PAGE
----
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Old 04-14-2012, 05:31 PM
 
Location: Philadelphia, PA
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What are your standards here? I would say the basic standard is anywhere with snow cover throughout the winter.

In the Northeast, we get some years with a lot of snow, and other years with hardly any. Also, sometimes when it snows, we get a 50 degree day shortly after and the snow melts quickly. I would say a true winter climate would get significant snowfall pretty much every year, with temps cold enough to keep the snow on the ground through the majority of the winter. One or two thaws during the winter is probably acceptable, but 85-90% of the winter should have snow cover. Also, i don't think a true winter climate would have any "miss" years where you don't really get a winter.
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Old 04-14-2012, 05:51 PM
 
Location: Leeds, UK
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Any climate that sees snowfall annually. We don't get great amounts of snow here in Leeds, but we've never had a snowless year before.
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Old 04-14-2012, 06:00 PM
 
Location: Miami, FL
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Depends what you mean, do you mean a "winter-dominating" climate (which cool/cold weather dominates the year) or a climate with "real winters" but not necessarily winter-dominating?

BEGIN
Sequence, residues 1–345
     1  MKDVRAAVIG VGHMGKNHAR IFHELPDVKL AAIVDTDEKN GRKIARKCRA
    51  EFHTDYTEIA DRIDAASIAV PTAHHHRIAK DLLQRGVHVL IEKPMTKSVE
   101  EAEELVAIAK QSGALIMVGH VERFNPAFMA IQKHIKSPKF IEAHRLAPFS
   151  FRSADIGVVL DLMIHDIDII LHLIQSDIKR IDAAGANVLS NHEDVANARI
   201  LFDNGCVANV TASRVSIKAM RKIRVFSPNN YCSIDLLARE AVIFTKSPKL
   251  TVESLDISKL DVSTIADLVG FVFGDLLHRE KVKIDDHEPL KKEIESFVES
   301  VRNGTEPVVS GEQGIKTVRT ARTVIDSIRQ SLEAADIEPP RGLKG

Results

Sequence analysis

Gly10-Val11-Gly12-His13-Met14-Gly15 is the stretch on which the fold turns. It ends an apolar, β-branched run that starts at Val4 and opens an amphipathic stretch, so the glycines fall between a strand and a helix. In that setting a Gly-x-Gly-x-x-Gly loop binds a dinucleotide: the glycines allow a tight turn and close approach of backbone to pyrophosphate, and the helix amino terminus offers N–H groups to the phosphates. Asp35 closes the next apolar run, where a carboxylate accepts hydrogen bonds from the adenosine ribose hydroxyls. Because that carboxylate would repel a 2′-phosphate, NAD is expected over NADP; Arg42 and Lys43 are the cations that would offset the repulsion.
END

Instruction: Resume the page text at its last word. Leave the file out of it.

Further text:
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Old 04-14-2012, 07:36 PM
 
Location: Vancouver, Canada
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For me, any Koppen D climate or colder. So, even some really cold climates like Reykjavík don't have "real winter" by my standards.
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Old 04-14-2012, 07:41 PM
 
Location: Vancouver, BC
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IMHO.. I think any climate where plants go dormant for a part of the year due to cool/cold weather has a real winter.
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Old 04-14-2012, 08:00 PM
 
Location: Laurentia
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A place has a real winter by my standards if there is snow cover through the duration of the winter, and it must dominate the winter in the vast majority of years. A few brief periods of bare ground is acceptable in this category, but they can't last longer than around 3 days; this must also occur in the vast majority of years. Also snow must be the dominant form of precipitation; rain should be the exception, not the rule.

Generally speaking a climate that averages -7C or lower in the coldest month will have these characteristics; this is cold enough to be securely below the persistent snowpack line (-3C) so that it will still have a persistent snowpack during most of the mild winters.

Lpfan is right in his determination that the Mid-Atlantic has a distinctly much less intense level of winter than places that have a persisting snowpack, and I concur in his assessment that that place doesn't have a real winter. Of course "real winter" is distinct from other still less intense levels, the warmest of which is just plant dormancy (however in my view dormancy counts for virtually nothing on the scale of winters, if that makes any sense).